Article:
The school district makes more than $2 million a year from leasing its properties, and will be soon adding to those revenues from the Trinity Site, once the new Smith’s Marketplace retail space is up and running on
    Trinity Drive.

    While LANL’s relationship with the schools has helped keep its properties occupied in a soft market, the district’s chief operations officer Joan Ahlers informed the Los Alamos Board of Education recently that this could change.

  • District to slow spending

    Though officials have taken a very conservative approach with the numbers, the Los Alamos Public School District is projecting a $2.9 million deficit in fiscal year 2015.

    The Los Alamos Board of Education conducted a work session Thursday to discuss the issue.

    Factors district officials included in their projections included hikes in health care costs, and increases in utility rates, along with regular salary increases.

    “Utility rate increases are budgeted as per discussion with Los Alamos County as follows: electric reflects a 6 percent (increase) for FY15, gas reflects a 5 percent increase in FY15 and a 10 percent increase in FY18, water reflects a 5 percent increase in FY15 and FY16,” according to a statement in a worksheet on the session.
    While a reduction in teaching staff was included in the district’s projections. Possible school closings or support staff reductions were not.

    “No cuts for classified staff are addressed in this analysis; classified staffing levels will still be required to support school sites at their levels,” read the statement, which included teacher assistants, secretaries, clerks and custodians in the analysis.

    Driving the deficit is also a projected steady decline in enrollment, which is where a reduction in teacher positions came from.

  • UNM-LA faculty to attend conference

    Three faculty members from the University of New Mexico-Los Alamos, will be attending a National Science Foundation (NSF) conference in Washington Oct. 23-25.
    Dr. Irina Alvestad, Dr. Kate Massengale and Professor Don Davis will be attending ATE@20: Sustaining Success and Advancing Innovation. ATE stands for Advanced Technological Education and is a special grant opportunity offered to two-year schools by the NSF.
    Attendees represent two-year colleges, business and industry, secondary school systems, four-year colleges and research and development centers covering projects in a wide variety of areas such as: information technology, engineering technology, micro- and nanotechnologies, chemical technology, biotechnology, and others. The American Association of Community Colleges is running the conference with support from the NSF. This conference is for Principal Investigators on grants and will bring approximately 850 people to focus on critical issues related to advanced technological education. 

  • PED willing to listen

    It’s not every day the Los Alamos Public School District challenges a mandate from the New Mexico Public Education Department, as it’s doing with the PED’s new teacher evaluation system. But in this case, there’s safety in numbers.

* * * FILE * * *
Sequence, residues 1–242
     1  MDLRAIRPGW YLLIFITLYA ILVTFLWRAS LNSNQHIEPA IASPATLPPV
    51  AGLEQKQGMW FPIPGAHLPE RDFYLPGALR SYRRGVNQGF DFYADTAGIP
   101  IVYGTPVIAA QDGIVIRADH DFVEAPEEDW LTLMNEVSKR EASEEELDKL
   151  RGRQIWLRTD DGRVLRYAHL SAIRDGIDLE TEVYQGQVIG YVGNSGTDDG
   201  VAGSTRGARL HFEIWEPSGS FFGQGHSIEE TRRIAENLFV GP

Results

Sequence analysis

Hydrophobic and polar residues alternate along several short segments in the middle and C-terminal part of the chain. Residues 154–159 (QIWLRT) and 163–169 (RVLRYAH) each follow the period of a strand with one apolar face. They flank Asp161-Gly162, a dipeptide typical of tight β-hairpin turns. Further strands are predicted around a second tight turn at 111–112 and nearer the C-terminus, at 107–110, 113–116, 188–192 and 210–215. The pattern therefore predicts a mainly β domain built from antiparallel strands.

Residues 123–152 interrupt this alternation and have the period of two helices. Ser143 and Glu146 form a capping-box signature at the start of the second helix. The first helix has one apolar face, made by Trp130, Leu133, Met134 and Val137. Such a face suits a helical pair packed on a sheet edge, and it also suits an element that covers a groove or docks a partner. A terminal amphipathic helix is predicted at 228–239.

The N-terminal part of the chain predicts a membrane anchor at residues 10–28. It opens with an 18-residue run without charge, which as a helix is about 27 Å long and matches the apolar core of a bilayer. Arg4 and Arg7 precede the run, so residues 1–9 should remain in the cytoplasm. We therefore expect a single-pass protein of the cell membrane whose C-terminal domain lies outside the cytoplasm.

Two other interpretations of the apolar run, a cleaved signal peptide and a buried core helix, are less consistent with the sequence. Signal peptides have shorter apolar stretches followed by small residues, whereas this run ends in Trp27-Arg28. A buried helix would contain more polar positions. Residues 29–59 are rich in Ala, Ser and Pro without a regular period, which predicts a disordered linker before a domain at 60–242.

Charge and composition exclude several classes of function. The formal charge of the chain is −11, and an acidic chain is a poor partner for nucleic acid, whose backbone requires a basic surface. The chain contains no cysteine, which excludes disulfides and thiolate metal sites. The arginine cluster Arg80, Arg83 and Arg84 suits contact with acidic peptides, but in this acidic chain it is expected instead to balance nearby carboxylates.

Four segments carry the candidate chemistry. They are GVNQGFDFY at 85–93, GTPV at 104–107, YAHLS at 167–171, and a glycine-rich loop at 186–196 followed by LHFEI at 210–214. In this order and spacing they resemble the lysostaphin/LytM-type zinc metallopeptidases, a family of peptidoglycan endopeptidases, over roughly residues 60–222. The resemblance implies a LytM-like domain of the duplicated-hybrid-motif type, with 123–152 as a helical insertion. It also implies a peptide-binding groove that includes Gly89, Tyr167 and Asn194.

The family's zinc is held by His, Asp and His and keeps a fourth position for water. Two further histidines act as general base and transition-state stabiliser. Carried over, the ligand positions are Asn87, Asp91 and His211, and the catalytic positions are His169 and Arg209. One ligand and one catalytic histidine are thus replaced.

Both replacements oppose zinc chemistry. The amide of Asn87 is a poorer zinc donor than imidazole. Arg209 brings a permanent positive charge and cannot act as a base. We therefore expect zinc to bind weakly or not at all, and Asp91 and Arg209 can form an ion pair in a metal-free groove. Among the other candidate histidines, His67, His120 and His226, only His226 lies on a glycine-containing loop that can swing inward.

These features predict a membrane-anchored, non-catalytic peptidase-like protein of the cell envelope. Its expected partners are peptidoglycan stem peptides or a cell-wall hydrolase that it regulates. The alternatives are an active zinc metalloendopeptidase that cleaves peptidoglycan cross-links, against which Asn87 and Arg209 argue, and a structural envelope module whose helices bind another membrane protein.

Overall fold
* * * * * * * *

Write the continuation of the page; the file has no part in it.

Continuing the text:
According to officials, other school districts, including Santa Fe and Albuquerque, are also doing the same thing.

    In the next month or so, LAPS teachers, in conjunction with the Los Alamos Board of Education will be coming up with ways to streamline the PED’s new teacher evaluation system after they’ve fielded numerous complaints and concerns from educators regarding the new system.

    The evaluation process is the state’s response to receipt of a waiver from compliance with the “No Child Left Behind Act” earlier this year.

    In a series of meetings and public hearings on the evaluation system, teachers have complained that the state’s system is too unwieldy, and it encroaches on the time they are supposed to be teaching students.

    At a special school board meeting this week, the board unanimously voted in favor of a motion to have the administration kick start the process.

    According to Superintendent of Schools Dr. Gene Schmidt, they’ve been in contact with the PED advising them of the district’s plan.

  • Trustees walk fine line

    Message from the Los Alamos Board of Education to teachers in Los Alamos: “We’re on your side, and we’re going to try to help you. But, please remember who holds the purse strings.”

    After dozens of teachers and administrators reminded the board of how difficult it’s been this year to deal with the oncoming flood of paperwork and documentation required of them because of new state mandates, the school board presented a motion that walks a fine line between appeasing teachers and the New Mexico Public Education Department.

    The motion acknowledged teacher grievances with the state-mandated programs, pledging to take a strong and studied look at each aspect of these programs, and see what they can dismantle or at least postpone without drawing the ire of the NMPED.

    At issue is a variety of programs and standards that were implemented in full this year: Mainly “NMTeach,” a state program that some Los Alamos teachers are saying comes with too much paperwork, and worse, diverts time away from what they are supposed to actually do, which is teach.

    Most of the educators, as well as school principals were there to talk about the NMTeach, and how difficult and time consuming it is. NMTeach is a new teacher evaluation system.